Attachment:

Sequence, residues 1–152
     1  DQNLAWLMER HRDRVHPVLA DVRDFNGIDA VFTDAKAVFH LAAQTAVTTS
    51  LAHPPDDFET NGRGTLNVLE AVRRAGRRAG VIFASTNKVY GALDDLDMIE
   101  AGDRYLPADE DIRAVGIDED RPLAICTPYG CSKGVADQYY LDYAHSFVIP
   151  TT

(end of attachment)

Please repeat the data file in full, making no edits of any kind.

Sequence, residues 1–152
     1  DQNLAWLMER HRDRVHPVLA DVRDFNGIDA VFTDAKAVFH LAAQTAVTTS
    51  LAHPPDDFET NGRGTLNVLE AVRRAGRRAG VIFASTNKVY GALDDLDMIE
   101  AGDRYLPADE DIRAVGIDED RPLAICTPYG CSKGVADQYY LDYAHSFVIP
   151  TT